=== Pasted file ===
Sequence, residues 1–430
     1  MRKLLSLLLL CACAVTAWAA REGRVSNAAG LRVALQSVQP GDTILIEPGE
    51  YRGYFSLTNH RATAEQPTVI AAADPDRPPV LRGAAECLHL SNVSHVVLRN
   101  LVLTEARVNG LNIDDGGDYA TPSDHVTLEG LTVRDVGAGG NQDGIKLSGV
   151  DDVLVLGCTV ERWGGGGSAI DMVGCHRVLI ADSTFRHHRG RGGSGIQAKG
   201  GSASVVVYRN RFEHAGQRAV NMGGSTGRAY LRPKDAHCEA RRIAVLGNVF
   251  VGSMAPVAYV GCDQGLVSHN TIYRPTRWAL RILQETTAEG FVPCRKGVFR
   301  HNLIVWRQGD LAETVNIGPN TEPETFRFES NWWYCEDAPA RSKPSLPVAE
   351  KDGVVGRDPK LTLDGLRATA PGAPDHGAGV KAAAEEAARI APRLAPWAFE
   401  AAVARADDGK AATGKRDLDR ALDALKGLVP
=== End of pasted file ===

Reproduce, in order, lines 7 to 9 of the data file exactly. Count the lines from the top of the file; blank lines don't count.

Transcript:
   251  VGSMAPVAYV GCDQGLVSHN TIYRPTRWAL RILQETTAEG FVPCRKGVFR
   301  HNLIVWRQGD LAETVNIGPN TEPETFRFES NWWYCEDAPA RSKPSLPVAE
   351  KDGVVGRDPK LTLDGLRATA PGAPDHGAGV KAAAEEAARI APRLAPWAFE